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I have a large, complex, legacy relational database containing our user data. I want to build an application that will segment user populations by various criteria (show me everyone who weighs more than 200 pounds and wears a red shirt ). Queries will be composed from predefined, parameterized predicates (think of the message rules UI in outlook or gmail). Completely ad-hoc queries will be rare.

Building SQL queries against the source data is impractical because of the complexity of the legacy schema.

A first, naive, idea might be to denormalize the data to be used for segmentation into a very wide table in the RDBMS:

id  | hat size | shirt color | weight | ....
123 | 7        | blue        | 175    | 
456 | 6        | red         | 205    | 

But that's not too appealing because the data will be sparse and the columns will vary quite often (weekly?). Schema changes are logistically difficult in my environment.

I could further normalize the table to a simple key/value table but, at that point, NoSQL becomes interesting.

So here's my question:

Would a document-oriented db like MongoDB or CouchDB be a good fit for this use case?

I don't have massive amounts of data (10s of millions of rows, 300 or so columns in the hypothetically denormalized table). Writes are fairly infrequent (10,000 per day). Queries would happen several times a day and response times will need to be in seconds.

I've spent the last couple of days reading up on the various approaches to NoSQL and document-oriented DBs seem most appropriate to me. Feel free to suggest a better approach.

Bonus question _Do the benefits of a document db justify the overhead of introducing a new technology into our data centers?_

I mean, I could probably satisfy the performance requirements with our existing relational database just fine but I am interested to dip my toe in the NoSQL waters because I have other applications down the line where a document-oriented database would really pay-off and I'd like to get my feet wet with a simple application first.

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"Building SQL queries against the source data is impractical because of the complexity of the legacy schema." - ??? –  Mitch Wheat Jan 7 '11 at 3:18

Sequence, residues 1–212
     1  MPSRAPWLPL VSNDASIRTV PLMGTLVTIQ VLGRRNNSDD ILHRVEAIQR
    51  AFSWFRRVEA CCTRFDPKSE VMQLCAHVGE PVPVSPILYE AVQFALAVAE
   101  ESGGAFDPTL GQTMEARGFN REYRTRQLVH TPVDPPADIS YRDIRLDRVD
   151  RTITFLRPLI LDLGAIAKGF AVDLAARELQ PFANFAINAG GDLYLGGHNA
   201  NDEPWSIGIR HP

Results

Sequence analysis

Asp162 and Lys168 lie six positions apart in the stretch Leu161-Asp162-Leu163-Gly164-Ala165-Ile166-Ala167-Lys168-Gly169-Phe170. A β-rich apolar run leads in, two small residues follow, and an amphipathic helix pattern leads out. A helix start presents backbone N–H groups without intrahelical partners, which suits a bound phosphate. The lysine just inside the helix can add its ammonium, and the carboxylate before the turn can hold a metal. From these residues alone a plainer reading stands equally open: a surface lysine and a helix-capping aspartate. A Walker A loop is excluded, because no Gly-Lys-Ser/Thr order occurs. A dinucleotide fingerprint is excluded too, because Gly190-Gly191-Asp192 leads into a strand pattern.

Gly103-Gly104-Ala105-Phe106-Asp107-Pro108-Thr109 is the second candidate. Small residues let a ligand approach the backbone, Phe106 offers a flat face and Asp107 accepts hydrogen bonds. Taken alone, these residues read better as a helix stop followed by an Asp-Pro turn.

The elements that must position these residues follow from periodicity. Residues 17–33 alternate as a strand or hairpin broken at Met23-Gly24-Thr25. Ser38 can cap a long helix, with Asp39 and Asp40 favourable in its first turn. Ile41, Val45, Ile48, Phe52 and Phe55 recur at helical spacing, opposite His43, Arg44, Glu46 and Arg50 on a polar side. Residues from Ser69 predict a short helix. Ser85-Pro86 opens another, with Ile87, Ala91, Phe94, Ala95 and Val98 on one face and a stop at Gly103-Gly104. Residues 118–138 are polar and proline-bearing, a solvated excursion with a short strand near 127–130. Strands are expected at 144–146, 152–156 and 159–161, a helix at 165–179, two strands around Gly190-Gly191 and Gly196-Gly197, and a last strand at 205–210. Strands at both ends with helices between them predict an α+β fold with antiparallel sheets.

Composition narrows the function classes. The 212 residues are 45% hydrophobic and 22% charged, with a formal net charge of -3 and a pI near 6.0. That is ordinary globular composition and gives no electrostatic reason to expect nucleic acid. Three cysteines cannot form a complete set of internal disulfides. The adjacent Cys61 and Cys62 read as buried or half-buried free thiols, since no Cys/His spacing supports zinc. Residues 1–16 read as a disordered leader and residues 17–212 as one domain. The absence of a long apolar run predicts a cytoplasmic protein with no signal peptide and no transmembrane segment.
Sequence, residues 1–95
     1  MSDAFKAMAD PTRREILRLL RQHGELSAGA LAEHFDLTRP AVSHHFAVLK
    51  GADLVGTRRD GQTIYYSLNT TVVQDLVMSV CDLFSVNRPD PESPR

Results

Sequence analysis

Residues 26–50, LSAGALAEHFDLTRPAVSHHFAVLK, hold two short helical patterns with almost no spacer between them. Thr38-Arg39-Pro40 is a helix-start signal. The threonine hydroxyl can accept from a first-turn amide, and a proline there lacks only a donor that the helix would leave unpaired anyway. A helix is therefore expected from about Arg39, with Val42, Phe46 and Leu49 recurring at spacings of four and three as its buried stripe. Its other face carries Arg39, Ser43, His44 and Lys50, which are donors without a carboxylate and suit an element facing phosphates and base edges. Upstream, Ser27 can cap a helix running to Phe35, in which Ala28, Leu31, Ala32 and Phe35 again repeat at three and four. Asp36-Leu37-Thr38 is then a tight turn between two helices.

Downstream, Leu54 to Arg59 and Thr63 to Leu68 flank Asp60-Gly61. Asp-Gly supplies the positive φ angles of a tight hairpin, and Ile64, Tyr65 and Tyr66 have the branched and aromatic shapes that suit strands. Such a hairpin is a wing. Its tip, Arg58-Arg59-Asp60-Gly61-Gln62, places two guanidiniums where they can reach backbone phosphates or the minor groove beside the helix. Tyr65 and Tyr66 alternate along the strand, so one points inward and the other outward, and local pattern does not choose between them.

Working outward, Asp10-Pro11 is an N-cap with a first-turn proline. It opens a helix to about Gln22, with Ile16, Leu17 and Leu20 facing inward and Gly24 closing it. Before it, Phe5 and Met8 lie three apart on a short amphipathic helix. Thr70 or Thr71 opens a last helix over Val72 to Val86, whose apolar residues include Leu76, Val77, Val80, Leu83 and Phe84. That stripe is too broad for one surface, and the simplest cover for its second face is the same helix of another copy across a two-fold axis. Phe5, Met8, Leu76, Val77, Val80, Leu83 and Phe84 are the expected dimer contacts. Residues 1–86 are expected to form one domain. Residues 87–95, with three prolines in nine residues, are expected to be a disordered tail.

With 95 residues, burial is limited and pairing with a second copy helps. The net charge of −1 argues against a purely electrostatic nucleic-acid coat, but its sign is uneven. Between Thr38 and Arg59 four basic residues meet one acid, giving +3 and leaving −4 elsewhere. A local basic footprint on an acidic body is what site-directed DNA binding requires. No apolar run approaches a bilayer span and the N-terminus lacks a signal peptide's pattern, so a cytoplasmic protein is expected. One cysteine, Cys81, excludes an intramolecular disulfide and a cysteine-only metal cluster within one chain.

Each predicate (like 'hat-size = 7') would require several joins and table scans of very large tables. Combining 6 or 7 predicates would result in massive SQL queries. –  Kevin Lawrence Jan 7 '11 at 16:51
    
Table joins aren't 'bad' and you can avoid table scans with sensible indexing. –  Ciaran Archer Jan 7 '11 at 20:30
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1 Answer 1

up vote 4 down vote accepted

We've started to 'mix in' NoSQL into our technology stack recently but I started with using capped collections via Mongo for simple logging to get a feel for the technology and to ensure it was robust and, importantly, to ensure that application code made sense when using NoSQL as the persistence later. How data and objects are persisted will change with this move and this needs to be factored in too.

There is very little that cannot be done with traditional methods, and you'll be sure it'll work as you expect too. It's low risk. But I too wanted to use it in a other future project so I dipped my toe in.

With any new technology, until it is proven in your language domain, and until you can prove you are comfortable with it, I would suggest you take 'baby steps' and work up to a project of the scale you are describing.

My the way, have you thought about using indexed views to 'normalise' your data and select from them? Just a thought.

I hope that helps!

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I'll probably end up sticking with traditional methods but I'd like to explore whether I'll get any benefits from a non-traditional approach before I decide. –  Kevin Lawrence Jan 8 '11 at 0:18
    
Well you'll certainly learn something new at the very least. Like most things in life, there a trade-off in there :) –  Ciaran Archer Jan 8 '11 at 11:13
    
We are still looking for a simple project as excuse to get experience with nosql, but this wasn't it. We can probably do what we need to with views on this one. –  Kevin Lawrence Aug 11 '11 at 5:34
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